Photo No. 4: Cornices, however small, still point towards a wind loaded slope.

This ridge in Colorado’s San Juan Mountains is exposed to frequent winds that both strip snow and load snow. Bare ground illustrates the windward, scoured, and shallow side of the ridge. The skiers in the photo study the leeward slope. They expect that the strong winds resulted in lee-slope loading and crosswind loading and scouring. The snowpack will be unpredictably layered with a varied depth and strength. The windslabs may be both hard to assess and also found farther down the slope. After discussion, they move to descend plan B, the lower angled basin farther east and out of this picture. 

Photo No. 5: The wind's story is told by the changing shape of the cornice.

This cornice reveals that the prevailing southwest winds shifted and came out of the northeast for some time. The scalloped shape of the cornice shows that recent winds eroded the cornice from both directions.

Photo No. 6

This slope is the shadowed one just below the ridge shown in photo No. 5. This slope was stripped early season by strong southwest winds, leaving a shallow, weaker snowpack. It was later gently loaded by northeast winds from the opposite direction. The eroded cornice seen in photo No. 5 provides a terrain clue that something had changed. The northeast winds are less common and may have caught the skiers by surprise.

Photo No. 7: Even experienced backcountry users can overlook crosswind loading.

This is not a lee slope. There is no obvious cornice at the ridge. The steep slope is sometimes affected by cross-slope winds. The wind-drifting and snow-loading patterns are harder to recognize. The winds sweep across the face in the direction indicated by the arrows (from left to right). Mid-slope features, such as a line of trees or a small ridge parallel to the fall line, can act like a snow fence, causing transported snow to be deposited on the lee side of the trees and load into the shaded gullies. It is from this mid-slope area that avalanches frequently release.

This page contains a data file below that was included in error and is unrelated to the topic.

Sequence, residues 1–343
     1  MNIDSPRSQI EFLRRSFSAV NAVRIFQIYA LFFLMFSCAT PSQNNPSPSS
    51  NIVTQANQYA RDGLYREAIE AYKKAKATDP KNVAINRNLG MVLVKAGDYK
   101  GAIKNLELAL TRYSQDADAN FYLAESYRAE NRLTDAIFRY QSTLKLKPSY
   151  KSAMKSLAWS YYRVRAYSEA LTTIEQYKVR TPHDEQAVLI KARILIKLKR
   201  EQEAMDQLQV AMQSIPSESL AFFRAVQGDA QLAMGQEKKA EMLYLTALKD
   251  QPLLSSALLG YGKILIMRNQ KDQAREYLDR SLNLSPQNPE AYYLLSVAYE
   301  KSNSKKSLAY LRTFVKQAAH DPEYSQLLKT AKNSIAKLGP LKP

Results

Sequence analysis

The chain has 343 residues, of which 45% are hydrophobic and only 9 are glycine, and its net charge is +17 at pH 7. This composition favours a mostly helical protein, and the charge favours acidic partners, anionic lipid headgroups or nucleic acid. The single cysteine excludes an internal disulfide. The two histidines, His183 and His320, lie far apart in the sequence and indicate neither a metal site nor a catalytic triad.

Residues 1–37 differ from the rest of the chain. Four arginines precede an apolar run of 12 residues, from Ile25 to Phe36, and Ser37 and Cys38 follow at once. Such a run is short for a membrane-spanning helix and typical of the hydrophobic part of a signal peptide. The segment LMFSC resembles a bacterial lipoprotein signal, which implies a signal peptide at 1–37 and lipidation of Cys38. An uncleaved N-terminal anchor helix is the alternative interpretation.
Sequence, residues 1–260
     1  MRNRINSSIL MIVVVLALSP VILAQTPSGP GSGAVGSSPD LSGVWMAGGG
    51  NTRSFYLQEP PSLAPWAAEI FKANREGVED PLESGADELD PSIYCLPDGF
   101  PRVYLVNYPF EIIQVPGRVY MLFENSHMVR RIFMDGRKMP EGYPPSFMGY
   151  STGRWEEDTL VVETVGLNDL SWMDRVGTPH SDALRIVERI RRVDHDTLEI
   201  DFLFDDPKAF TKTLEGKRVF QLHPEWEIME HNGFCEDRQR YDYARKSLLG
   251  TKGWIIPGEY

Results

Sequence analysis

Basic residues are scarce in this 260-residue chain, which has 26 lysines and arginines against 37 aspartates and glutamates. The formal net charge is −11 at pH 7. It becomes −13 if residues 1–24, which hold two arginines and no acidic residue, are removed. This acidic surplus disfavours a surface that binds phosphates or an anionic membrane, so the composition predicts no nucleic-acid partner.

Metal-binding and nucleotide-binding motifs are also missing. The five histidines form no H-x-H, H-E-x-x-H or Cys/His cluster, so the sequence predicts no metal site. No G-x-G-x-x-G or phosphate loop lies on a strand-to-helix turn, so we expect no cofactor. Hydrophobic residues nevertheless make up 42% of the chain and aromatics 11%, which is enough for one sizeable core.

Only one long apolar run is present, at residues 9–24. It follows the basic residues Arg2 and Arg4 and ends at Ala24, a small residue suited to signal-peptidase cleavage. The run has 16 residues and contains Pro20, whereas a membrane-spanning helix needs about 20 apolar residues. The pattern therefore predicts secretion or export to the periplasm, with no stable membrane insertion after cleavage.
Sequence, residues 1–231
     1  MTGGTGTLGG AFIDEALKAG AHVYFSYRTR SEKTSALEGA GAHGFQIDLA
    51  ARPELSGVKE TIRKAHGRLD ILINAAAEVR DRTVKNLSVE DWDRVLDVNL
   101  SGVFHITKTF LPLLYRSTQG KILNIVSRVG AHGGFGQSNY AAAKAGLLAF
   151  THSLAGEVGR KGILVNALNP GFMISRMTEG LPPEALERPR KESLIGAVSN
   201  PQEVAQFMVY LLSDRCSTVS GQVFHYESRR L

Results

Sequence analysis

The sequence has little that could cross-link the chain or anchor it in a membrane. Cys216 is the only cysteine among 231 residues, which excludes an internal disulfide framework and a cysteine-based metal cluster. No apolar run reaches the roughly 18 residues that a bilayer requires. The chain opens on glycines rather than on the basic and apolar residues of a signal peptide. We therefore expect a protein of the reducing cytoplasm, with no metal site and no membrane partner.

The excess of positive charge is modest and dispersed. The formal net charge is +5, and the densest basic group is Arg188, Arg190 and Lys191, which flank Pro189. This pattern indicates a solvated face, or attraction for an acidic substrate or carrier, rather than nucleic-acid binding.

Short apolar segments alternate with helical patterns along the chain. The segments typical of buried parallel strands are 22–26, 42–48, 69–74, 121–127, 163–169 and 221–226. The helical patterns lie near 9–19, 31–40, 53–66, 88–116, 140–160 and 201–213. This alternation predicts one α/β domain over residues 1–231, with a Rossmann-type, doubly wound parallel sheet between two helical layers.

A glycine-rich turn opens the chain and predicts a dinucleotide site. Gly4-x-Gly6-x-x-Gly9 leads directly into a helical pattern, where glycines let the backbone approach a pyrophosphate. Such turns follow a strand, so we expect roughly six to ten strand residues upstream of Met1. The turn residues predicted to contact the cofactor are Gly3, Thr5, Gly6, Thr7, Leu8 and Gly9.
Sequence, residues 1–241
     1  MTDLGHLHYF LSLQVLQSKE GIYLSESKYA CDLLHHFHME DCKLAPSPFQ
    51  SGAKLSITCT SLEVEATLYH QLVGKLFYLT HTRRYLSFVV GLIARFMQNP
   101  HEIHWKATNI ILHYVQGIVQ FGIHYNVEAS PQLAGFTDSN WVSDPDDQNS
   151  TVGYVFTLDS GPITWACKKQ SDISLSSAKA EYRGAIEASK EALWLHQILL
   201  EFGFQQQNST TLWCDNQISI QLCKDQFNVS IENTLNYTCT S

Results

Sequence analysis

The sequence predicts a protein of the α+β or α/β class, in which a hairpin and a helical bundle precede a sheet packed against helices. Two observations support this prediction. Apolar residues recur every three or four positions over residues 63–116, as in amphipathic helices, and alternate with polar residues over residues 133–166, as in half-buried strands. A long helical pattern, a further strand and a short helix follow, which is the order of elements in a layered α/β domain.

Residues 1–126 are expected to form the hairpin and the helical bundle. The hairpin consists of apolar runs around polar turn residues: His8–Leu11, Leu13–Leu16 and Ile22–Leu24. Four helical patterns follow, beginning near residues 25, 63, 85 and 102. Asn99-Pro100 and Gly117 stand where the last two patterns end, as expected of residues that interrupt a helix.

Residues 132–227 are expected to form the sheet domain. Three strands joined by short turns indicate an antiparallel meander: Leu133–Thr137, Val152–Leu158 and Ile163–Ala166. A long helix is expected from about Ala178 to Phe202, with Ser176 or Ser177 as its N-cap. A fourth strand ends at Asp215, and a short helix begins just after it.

Photo No. 8: Convoluted mountain ridges result in a high degree of snowpack variability.

This gullied sub-peak in the center of the photo faces north, a slope aspect that is usually sheltered by wind in North America. But on a mountain scale, it sticks out like a thumb near the head of a large valley, so it catches every breath of wind, regardless of what direction it’s coming from. Therefore, despite being in a deep coastal snow climate, it has a highly variable snowpack. Protruding rocks and bushes, slope-parallel ridges and bumps are exposed to the varying effects of the wind. The snowdrifts and cornices and exposed earth identify the localized wind pattern. An experienced guide would take one look and leave this slope alone. This slope frequently avalanches and never feels predictable.

Photo No. 9: Beware of on-slope protrusions like downslope ridges, bulging convexities, exposed rocks, and trees.

This photo was taken of a north aspect near treeline in the Monashees, which has an intermountain snow climate. The cat skiing groups are careful to avoid terrain features (marked with an X) that jut out from the surrounding surface as they may have wind slabs or weaker snow and trigger points. The guides led the skiers down through the trough-like features where the snowpack is deeper, more consistent, less layered, and with fewer trigger points. The ridge-like features and protruding convexities are more exposed to cross-slope wind and are therefore less predictable. (The photogenic Alaskan spines, where loose dry avalanches peel away on either side of your line, are often in a coastal climate with deep, dense snow.)